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DuPage County divorce attorney asset division

If you are considering divorce, you may understandably be feeling a bit overwhelmed and confused. The idea of dealing with the court system can be daunting – especially if you have never stepped foot inside of a courtroom before. Your confusion and anxiety may be exacerbated by well-intentioned friends and family who give you divorce advice that is simply untrue or does not apply to Illinois divorce cases. Fortunately, you do not have to face divorce alone. An experienced divorce lawyer will be able to give you the legal guidance you need to manage this difficult time in your life and move on to a brighter future.

Myth: I Will Need to Prove That My Spouse Did Something Wrong to Be Granted a Divorce

When a married individual files a petition for divorce, called a Petition for Dissolution of Marriage in Illinois, they are essentially asking the judge to grant him or her a divorce. In the past, Illinois had both fault and no-fault grounds, or reasons, for divorce. Fault-based grounds were issues such as infidelity or mental cruelty. However, Illinois has since eliminated all fault-based grounds for divorce. Now, the only available ground for divorce is “irreconcilable differences.”

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Lombard divorce lawyer for division of propertyMarriage is like a knot, and that knot can be very tricky to untie if you are getting a divorce. One of the most difficult parts of divorce can be the division of property. Many states use “community property” laws, which say that any assets obtained during a marriage are subject to equal division in the case of a divorce. However, Illinois is not a community property state, and instead, it uses a principle known as “equitable distribution.” This states that assets will be fairly and equitably divided between spouses in just proportions rather than being split 50/50.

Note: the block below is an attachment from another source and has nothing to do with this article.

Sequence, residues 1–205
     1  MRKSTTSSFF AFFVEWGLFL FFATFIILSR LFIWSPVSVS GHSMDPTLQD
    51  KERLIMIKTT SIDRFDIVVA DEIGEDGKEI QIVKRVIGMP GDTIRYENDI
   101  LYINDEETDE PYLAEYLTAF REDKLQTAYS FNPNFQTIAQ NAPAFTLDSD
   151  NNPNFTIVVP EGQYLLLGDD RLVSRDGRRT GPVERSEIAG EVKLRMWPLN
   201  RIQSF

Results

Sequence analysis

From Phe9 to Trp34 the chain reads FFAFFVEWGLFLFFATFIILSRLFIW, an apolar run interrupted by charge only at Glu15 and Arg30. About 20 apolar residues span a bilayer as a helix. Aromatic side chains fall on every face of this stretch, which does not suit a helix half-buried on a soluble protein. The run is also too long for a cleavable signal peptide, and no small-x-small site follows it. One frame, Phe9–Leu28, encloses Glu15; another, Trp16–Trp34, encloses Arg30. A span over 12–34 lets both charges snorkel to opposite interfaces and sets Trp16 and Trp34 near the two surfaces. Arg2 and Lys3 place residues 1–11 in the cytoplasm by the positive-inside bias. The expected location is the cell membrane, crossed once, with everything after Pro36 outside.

Types of Property

There are two types of property that a married couple may own: marital property and separate property. Marital property is defined as all assets and debts obtained by either spouse during a marriage. This includes not just tangible property but also intangible assets. Examples may include vehicles, furniture, clothing, jewelry, bank accounts, trusts, real estate property, and business interests--as long as they were obtained during the marriage. Liabilities such as credit card debts or home and auto loans are also considered marital property. 

Separate property includes any assets that were obtained by one spouse before or after the marriage, as well as any inheritances given solely to one spouse. Marital property will be divided between spouses, but separate property will continue to be owned by the spouse that acquired it.

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Wheaton divorce lawyersWhen navigating a standard divorce process, both parties must understand that their actions will be under extreme scrutiny. Your life habits, occupation, and living situation will all play a part in how a judge makes decisions on various issues regarding the separation. In any family law case, a criminal charge can have a monumental impact on the manner in which the judge will rule. If you have been accused of a crime during your divorce, it is crucial to notify your attorney as soon as possible.

Crimes During Divorce

The divorce process can be an incredibly stressful time for all parties involved. With that in mind, it should come as no surprise that many people commit a criminal offense during their divorce. Listed below are the most commonly committed crimes that can severely impact a family law case:

Driving Under the Influence (DUI): Although turning to drugs or alcohol during stressful times usually tends to be a bad idea, many people increase their alcohol intake during their divorce. Here in the state of Illinois, a DUI charge can lead to extensive fines, loss of driving privileges, and even potential jail time.

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